I could produce a long list of things our leaders do, or fail to do, that point in the direction of a patent lack of value for human life. It is, nonetheless, glaring that they value their own lives. That is why they head straight to foreign hospitals when they need medical treatment, even for common cold. They would never attend public hospitals in Nigeria if they had to receive initial treatment here. They would go to the most expensive private hospitals before being flown abroad. They value their own lives. They will never drink unclean water — they cannot even drink from public tap, much less streams. They feel safe as they are surrounded by legions of security operatives. They manifestly value their own lives.
I am not trying to criticise them for valuing their own lives dearly. I am criticising them for not placing similar value on the lives of the ordinary Nigerians. We need leaders with a different mentality — a mentality that flows from a conscience, a conscience that is built on the value of human life. Why should Nigerians continue to drink from ponds and streams? Why should public hospitals be so inhospitable? Why should emergency services not work? Why should security agencies be so inefficient, leaving ordinary Nigerians highly vulnerable to all forms of insecurity? The day our leaders begin to value the life of a Nigerian, something will change significantly for us and we will rejoice and be glad for it.
*This is a chapter from my debut book, ‘Fellow Nigerians, It’s All Politics’, distributed in Nigeria by Roving Heights and available at leading bookstores nationwide. Also available on Amazon.
Is there anything that cannot be politicised in Nigeria? The answer is no. A devastating flooding has just killed hundreds of Nigerians and left millions homeless, but it would appear we have managed to turn this whole tragedy into a political game of North vs South yet again. Leader of the Pan Niger Delta Forum (PANDEF), Chief Edwin Clark, has accused the minister of humanitarian affairs, disaster management and social development, Ms Sadiya Umar Farouk, of neglecting affected areas in the south. The minister says Jigawa, which recorded 100 deaths, is the most affected of the lot. Pray, when are we going to start seeing ourselves as human beings first before anything else? Damning.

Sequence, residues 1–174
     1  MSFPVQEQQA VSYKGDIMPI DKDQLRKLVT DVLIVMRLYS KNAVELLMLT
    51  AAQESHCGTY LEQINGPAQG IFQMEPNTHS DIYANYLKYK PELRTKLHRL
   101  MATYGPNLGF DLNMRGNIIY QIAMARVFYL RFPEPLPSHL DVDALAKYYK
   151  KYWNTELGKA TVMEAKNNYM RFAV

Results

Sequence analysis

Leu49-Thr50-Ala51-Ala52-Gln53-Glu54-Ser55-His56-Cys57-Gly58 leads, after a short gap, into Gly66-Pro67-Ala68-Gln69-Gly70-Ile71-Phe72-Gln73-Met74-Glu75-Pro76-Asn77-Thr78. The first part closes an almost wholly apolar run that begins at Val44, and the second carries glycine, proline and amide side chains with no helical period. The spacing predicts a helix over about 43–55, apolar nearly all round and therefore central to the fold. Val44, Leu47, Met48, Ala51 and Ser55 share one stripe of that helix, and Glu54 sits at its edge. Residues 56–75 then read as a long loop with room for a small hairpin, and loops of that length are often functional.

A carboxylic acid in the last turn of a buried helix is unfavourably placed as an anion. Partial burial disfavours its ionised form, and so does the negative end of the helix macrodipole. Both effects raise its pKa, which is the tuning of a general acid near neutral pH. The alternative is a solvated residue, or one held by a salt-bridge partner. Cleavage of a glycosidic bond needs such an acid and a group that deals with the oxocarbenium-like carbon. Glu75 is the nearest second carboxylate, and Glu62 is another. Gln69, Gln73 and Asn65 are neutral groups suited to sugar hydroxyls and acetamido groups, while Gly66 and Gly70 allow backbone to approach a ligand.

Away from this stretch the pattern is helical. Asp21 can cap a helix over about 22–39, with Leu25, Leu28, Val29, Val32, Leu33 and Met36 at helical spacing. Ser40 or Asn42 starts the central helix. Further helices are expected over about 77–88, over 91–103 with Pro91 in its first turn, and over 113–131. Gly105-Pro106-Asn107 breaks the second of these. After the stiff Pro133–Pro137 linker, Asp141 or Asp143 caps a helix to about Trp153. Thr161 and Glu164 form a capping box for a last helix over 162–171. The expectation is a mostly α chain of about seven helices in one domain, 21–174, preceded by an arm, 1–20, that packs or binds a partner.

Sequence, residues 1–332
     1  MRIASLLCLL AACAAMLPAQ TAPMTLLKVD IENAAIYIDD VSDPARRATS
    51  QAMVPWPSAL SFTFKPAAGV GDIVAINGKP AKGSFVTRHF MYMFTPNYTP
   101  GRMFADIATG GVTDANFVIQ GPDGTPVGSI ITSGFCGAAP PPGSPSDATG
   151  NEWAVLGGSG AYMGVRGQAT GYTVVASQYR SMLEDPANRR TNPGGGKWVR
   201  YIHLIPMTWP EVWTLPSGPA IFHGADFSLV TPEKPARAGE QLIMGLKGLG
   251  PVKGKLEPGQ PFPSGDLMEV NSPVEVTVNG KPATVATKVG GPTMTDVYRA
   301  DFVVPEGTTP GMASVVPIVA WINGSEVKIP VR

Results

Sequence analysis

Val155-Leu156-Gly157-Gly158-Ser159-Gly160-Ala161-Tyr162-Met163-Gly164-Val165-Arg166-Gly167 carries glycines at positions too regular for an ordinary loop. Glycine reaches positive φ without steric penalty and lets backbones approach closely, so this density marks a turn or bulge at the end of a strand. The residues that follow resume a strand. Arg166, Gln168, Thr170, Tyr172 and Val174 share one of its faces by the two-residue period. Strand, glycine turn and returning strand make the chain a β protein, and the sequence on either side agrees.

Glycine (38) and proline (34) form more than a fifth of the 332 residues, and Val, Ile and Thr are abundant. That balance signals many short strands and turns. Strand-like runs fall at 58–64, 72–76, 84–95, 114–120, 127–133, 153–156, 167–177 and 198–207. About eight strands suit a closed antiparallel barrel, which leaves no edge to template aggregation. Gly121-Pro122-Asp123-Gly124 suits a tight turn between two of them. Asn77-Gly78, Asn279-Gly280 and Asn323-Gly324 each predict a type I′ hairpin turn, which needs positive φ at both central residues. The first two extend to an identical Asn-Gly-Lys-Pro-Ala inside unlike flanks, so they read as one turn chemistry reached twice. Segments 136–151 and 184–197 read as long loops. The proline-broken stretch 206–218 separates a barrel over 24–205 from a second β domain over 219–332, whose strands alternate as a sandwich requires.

Asiwaju Bola Ahmed Tinubu, the presidential candidate of the All Progressives Congress (APC), and Alhaji Atiku Abubakar, his counterpart in the Peoples Democratic Party (PDP), are falling over each other to eulogise former President Olusegun Obasanjo for his role in resolving the civil war in Ethiopia. Atiku even wants Obasanjo’s face on the proposed new-look naira notes. Of course, Obasanjo deserves every credit for his international statesmanship and you have to wonder how many African leaders still have this level of goodwill. However, I smell a rat in the outpour of accolades by Tinubu and Atiku. Obasanjo holds both in low esteem and the feeling is mutual. Politics.
The UK on Friday warned its citizens in the US about possible terror attacks. In the travel advisory, the UK said the planned attacks were very likely to be random across the US. A day earlier, the US Federal Bureau of Investigation (FBI) had warned of “credible” threats to synagogues in New Jersey. On the heels of similar warnings issued by the US about possible terror attacks in South Africa and Nigeria, it is safe to conclude that nowhere is really safe in this world. Someone already suggested that World War III will not be territorial as we used to know it but terror attacks not limited to typical boundaries. In that case, vigilance will now be the ultimate weapon for everybody. Terrifying.
My heart goes out to Davido, the Afrobeats star, and Chioma over the death of their son, Ifeanyi, in a domestic swimming pool accident. How do you begin to comfort anyone who has lost a three-old child? A lot of unkind things are being said on social media about the tragic incident but that is what happens when people have more data on their phones than brains in their heads. We still don’t know the circumstances of Ifeanyi’s death but the police said an autopsy has established drowning. I implore the authorities to thoroughly investigate the circumstances. I hope this tragic accident will ginger the authorities to improve safety regulations on private swimming pools. Condolences.

Credit: TheCable